Over the last few centuries, the Great Lakes have been colonized by many non-native species. One of the first of these species is the sea lamprey, which was discovered in Lake Ontario in the 1800s (it has a contested status as native or non-native in Lake Ontario). They likely moved into the Great Lakes once canals were completed connecting their native range along the Atlantic coast directly to the Great Lakes for commercial shipping lanes, but had possibly been there a long time. Once another canal connecting Lake Ontario to Lake Erie was completed around 1900, sea lamprey were able to get around Niagara Falls and into the rest of the upper Great Lakes, where they were not native.
Sea lamprey are anadromous, like salmon, they are born in freshwater and live there a short while before migrating to the ocean to grow to adulthood. They then swim upstream and return to their birthplaces to spawn the next generation. This is how they were able to colonize the Great Lakes once canals were built. They have been known to travel as far as 320 km upstream from the ocean.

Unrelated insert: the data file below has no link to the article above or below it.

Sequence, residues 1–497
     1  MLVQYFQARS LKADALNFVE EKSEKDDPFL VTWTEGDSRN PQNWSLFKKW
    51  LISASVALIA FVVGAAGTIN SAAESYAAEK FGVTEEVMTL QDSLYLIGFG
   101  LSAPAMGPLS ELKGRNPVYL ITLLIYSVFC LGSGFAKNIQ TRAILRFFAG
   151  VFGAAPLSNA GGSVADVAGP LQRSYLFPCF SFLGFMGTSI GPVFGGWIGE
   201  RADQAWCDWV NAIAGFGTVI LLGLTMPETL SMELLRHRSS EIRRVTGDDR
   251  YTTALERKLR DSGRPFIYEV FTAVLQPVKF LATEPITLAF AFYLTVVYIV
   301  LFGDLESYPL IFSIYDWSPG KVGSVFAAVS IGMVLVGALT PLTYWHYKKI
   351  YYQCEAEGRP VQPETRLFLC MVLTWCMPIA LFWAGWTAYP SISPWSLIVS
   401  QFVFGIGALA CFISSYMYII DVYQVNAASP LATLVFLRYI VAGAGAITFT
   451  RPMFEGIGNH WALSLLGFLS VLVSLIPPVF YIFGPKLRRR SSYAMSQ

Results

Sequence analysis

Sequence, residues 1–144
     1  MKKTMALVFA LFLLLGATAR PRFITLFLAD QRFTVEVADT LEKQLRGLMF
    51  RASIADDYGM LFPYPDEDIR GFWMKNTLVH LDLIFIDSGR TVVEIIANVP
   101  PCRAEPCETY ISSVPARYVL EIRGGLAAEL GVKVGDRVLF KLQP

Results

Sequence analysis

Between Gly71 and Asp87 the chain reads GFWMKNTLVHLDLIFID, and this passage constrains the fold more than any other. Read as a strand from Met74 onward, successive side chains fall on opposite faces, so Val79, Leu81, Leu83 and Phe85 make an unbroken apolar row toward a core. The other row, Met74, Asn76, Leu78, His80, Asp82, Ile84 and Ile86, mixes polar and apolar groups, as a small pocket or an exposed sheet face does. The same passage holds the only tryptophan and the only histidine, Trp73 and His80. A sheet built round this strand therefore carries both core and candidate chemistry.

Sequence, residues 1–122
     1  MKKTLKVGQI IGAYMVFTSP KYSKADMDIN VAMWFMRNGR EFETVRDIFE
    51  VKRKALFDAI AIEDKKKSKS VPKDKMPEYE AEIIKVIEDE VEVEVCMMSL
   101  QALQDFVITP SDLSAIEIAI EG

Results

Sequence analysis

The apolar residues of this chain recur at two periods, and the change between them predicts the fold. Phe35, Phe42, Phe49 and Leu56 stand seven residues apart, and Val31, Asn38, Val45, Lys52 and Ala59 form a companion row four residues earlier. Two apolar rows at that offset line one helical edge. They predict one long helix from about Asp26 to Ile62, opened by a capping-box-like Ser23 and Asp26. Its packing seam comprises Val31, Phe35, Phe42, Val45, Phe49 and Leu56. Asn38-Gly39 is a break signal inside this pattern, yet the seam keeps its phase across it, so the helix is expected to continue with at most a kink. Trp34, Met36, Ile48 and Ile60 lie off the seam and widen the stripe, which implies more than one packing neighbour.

The Great Lakes populations have evolved such that they no longer have direct contact with the ocean. Their ocean equivalent is the Great Lakes. Because sea lamprey feed off of large fish as parasites, they have been a detriment to all those that make their living from Great Lakes fisheries for the last 100 years. The fisheries in the Great Lakes are valued at around 7 billion US dollars, so there are many programs that try to reduce sea lamprey populations. Some programs use selective pesticides known as lampricides, to specifically target lampreys, and some use barriers like dams to prevent movement and reduce spawning opportunities upstream. New technology has allowed new kinds of barriers that are temporary and not physical. Electrical barriers have been tested for the last 70 years, but new devices are portable and can be deployed over a shorter time frame when lamprey migration is at its peak, making a difference against the lamprey, while also reducing impacts on non-target species. There are still concerns over non-target species, but it is an improvement over past technology.